Donating a car to charity seems like a win-win proposition. Ideally, the charity will use your car to raise money for a good cause and you’ll pocket quite a bit of money thanks to a federal tax deduction.
You do need to be careful when donating your car to charity. If you donate to an unqualified organization or take the wrong steps when filing paperwork for your deduction, you might not receive a tax refund. In that case, you’d be out of a car with nothing to show for it.
Here are a few tips to follow to avoid falling victim to a car donation scam:
Check the Charity’s Credentials
For your donation to be eligible for a tax refund, the organization you donate to must be eligible. The Internal Revenue Service makes this information easy to access: Publication 78 is a cumulative, annually updated, searchable list of eligible charity organizations. If the charity is a church, synagogue, mosque or temple, donations will remain deductible but the organization may not be listed in the IRS system.
Another way to check up on an organization’s background is to go through its state registration information. State charity regulators often have records on file showing when the charity was founded and how much of its money goes to charity and how much goes to administrative costs.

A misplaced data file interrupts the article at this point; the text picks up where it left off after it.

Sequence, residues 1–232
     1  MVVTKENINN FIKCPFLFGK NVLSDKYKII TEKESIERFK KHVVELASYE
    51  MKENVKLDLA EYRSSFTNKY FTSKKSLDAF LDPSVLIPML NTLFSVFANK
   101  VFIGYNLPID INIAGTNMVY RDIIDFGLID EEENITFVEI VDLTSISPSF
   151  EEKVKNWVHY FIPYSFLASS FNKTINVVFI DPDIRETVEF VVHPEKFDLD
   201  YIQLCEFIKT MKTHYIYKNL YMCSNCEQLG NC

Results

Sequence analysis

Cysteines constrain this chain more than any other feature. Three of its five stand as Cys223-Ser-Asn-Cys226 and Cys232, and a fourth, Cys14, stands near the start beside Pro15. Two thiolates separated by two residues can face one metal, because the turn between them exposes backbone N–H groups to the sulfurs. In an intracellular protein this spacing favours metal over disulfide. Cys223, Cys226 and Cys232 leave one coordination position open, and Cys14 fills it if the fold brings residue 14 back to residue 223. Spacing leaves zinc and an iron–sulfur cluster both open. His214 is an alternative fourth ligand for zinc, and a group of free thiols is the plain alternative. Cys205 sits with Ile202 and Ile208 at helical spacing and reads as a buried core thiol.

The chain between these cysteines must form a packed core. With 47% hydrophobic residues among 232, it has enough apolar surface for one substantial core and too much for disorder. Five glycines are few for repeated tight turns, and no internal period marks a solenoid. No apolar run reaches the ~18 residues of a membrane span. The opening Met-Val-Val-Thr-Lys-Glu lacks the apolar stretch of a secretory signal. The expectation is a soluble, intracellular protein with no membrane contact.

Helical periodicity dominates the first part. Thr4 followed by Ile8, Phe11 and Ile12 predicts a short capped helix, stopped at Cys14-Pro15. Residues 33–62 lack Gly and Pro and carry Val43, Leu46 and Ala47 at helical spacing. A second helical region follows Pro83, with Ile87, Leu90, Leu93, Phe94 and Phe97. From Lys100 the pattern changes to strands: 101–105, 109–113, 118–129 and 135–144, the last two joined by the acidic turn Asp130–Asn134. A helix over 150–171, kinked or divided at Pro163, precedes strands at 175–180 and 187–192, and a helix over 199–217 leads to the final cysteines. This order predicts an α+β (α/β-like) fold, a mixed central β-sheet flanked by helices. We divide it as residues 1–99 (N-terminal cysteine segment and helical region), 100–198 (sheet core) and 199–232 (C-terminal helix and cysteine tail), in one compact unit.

Follow Tax Laws to the ‘T’
One of the most important steps of earning your tax deduction is making sure your tax filing is put together appropriately.
First, itemize your deductions on your personal tax return. You don’t normally need to itemize your deductions — unless they exceed the standard limit — but if you decide to write off a car donation, you definitely need to itemize your return.
Second, make sure you deduct only the car’s market value. You are not allowed to just list the Blue Book price of your car as a deduction. The car’s official value and the value of your deduction will come from the fair market value of your car, which depends on wear and tear and general condition.
Find Out Where the Car is Going
This could be an important factor in your decision to donate the vehicle to a particular charity. If the organization is a private charity, ask questions to find out what it intends on doing with your old car. If it will be resold, who will buy the car and who will receive the money from the resale?
Simon Zhen is a research analyst for MyBankTracker. He is an expert on consumer banking products, bank innovations, and financial technology.
Simon has contributed and/or been quoted in major publications and outlets including Consumer Reports, American Banker, Yahoo Finance, U.S. News – World Report, The Huffington Post, Business Insider, Lifehacker, and AOL.com.